Can you send the link to the website you want to redesign? I could take a look and try to send some pointers. Also, feel free to post how to questions in the general Dreamweaver forum: Dreamweaver support forum. There are a lot of active, experienced users there who could offer suggestions as well.
If it was made 10 years ago, it's fairly unlikely that there's going to be an easy way to turn it responsive, short of starting from scratch. Most of the techniques used back then are pretty much the opposite of responsive design techniques.
Looking at the code may shed some light on what would need to be done, but with something that old, conversion would likely be more difficult that just starting over with a new responsive layout and populating it with your current content.
If you have a table based layout, you may be able to purchase a mobile friendly table converter extension from Project 7 to convert it. I don't know how well it works, but some of their other extensions get very high reviews in the DW forum:
I agree with Jon. You'll probably find it easier to just recreate it. I am currently updating a site that I designed for a client a while back and have found that it was easier for me to start from scratch than try to convert it. It was also a good opportunity to reduce the amount of text on the page. 10 years ago, the practice was to include a lot of information in the form of text on web pages. These days, less is more in the way of text - visitors to a website either don't have the time, or don't want to take the time to read through a lot of text. Having a clean, simple and modern design can also improve the experience your visitors will have.
I'm documenting my progress on this project in a series of blog posts that may help offer some insight: Create a responsive website in Dreamweaver CC – Part 1 | Maile Valentine
Still, feel free to share the link to the website you are updating to get some pointers. Searching the web for "responsive website examples" can big a help in seeing what others are doing with their sites that may fit what you need.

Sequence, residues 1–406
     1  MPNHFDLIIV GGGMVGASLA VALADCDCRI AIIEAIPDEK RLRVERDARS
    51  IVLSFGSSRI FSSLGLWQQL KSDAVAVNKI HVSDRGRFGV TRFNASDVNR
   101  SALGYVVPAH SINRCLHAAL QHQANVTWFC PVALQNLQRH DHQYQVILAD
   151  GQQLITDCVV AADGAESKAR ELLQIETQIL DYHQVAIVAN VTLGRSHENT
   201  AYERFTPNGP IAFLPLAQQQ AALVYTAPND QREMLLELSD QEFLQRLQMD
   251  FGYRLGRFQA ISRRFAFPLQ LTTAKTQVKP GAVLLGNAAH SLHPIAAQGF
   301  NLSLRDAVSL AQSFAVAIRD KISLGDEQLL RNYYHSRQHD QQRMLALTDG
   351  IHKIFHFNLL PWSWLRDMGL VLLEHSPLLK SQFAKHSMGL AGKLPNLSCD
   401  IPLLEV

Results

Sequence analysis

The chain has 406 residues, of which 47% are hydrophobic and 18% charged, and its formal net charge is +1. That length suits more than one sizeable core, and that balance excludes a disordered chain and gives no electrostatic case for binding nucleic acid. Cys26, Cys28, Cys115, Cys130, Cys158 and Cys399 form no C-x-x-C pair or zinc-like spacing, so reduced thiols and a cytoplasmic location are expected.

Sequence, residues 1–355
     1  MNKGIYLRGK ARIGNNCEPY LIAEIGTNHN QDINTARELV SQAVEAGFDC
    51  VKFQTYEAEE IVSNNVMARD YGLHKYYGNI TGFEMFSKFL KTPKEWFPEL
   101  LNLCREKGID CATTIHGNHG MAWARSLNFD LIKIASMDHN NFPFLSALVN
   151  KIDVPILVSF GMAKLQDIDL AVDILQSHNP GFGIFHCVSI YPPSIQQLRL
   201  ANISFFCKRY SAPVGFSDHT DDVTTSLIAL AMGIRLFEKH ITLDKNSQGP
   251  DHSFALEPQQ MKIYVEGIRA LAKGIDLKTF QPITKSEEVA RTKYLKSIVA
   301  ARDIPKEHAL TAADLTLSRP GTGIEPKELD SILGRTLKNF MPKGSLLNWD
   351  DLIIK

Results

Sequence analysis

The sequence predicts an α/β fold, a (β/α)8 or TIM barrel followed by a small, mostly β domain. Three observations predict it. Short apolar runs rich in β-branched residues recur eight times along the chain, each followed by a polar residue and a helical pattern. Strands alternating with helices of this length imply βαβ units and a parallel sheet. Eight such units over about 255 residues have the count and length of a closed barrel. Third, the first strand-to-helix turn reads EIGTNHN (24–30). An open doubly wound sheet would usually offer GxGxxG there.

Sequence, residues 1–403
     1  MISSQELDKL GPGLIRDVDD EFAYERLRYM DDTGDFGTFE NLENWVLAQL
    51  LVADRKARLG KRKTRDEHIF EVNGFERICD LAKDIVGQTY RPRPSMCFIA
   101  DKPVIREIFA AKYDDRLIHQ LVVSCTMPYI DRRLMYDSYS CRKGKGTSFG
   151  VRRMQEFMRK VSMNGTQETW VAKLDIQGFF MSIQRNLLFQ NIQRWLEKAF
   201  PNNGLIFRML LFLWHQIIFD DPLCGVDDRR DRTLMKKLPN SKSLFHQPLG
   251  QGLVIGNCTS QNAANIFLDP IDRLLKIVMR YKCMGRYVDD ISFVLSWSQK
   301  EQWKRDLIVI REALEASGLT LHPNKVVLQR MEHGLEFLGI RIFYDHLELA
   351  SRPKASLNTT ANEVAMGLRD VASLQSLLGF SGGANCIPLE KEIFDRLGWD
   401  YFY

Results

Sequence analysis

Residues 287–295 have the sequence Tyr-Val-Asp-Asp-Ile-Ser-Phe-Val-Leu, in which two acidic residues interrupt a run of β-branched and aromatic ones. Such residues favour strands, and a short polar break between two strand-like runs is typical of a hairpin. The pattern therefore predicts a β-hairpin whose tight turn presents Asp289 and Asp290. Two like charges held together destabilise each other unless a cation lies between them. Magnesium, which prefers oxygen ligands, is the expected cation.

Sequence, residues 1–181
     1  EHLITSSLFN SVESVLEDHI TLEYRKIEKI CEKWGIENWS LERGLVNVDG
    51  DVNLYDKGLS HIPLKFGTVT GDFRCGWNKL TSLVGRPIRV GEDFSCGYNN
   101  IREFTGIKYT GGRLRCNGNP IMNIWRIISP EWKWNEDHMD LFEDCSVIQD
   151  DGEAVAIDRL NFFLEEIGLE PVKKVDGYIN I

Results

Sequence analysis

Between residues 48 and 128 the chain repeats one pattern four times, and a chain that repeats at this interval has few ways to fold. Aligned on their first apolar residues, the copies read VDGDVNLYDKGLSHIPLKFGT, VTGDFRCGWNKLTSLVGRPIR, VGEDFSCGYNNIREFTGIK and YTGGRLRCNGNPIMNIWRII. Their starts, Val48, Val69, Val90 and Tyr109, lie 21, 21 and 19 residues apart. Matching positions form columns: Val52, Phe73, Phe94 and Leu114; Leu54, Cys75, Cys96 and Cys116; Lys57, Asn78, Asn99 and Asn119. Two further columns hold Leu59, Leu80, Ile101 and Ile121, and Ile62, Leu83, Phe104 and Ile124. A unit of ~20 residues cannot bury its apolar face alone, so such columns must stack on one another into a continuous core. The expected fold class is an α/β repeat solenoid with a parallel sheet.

Thank you both for your response. I kind of figured I would have to bite the bullet and just redesign. Below is my website address and as you said Maile my entry page is text heavy since that was the SEO standard then. One question I still haven't found an answer to is how redesigning my website will affect my SEO. My business is very niche and local so I am generally on the 1st page/top of any google search for the terms that are used in my industry. I also have a google adwords campaign running each month. I'm going into my busy season and don't want to rock the boat. I would appreciate any insight you might have on how to make the transition and painless as possible.
Also, I've been seeing a lot of conversions from DW to Wordpress sites. To me all of the WP sites look the same and I really want my site to be different. In your opinion, is Wordpress a better platform? Thanks.
A few pointers on SEO / web re-design:
1. Use Google AdWords: Keyword Planner to research the most effective keywords and phrases for your industry.
2. Create a Google Places page for your business if you do not already have one. If it is a local business only, you'll want to limit the geographic range of this page for max effectiveness. If your business covers a bigger area, you can indicate that when you define the geographic area for the Places page.
3. Evaluate your existing site to minimize the amount of text content to include just enough information for what your customers will find important (again, most visitors want to get straight to the point and find out what they need, or what you can do for them).
4. Pictures speak 1000 words - especially these days!
5. When you re-write the newly minimized text for your page, include the findings from the Keyword Planner - HTML title and H1 get high priority from search engines. Make sure to include keywords and phrases in the body of the text as well.
6. Search the web for "responsive website examples" for ideas for layouts that would work for what you need.
7. Search engines are placing high priority on sites that are adaptive to different devices, which is a key motivator to moving to responsive design. (This is a short article on the topic: The Google Mobile Friendly Update & Mobilegeddon Explained).
8. Make the main tasks and info easily accessible throughout your site (e.g., contact phone # - users don't want to hunt and peck, make this prominent; do your customers contact you for free estimates, do they order directly from your website, etc? Make those tasks accessible and requiring as few steps as possible).
I hope this helps a bit!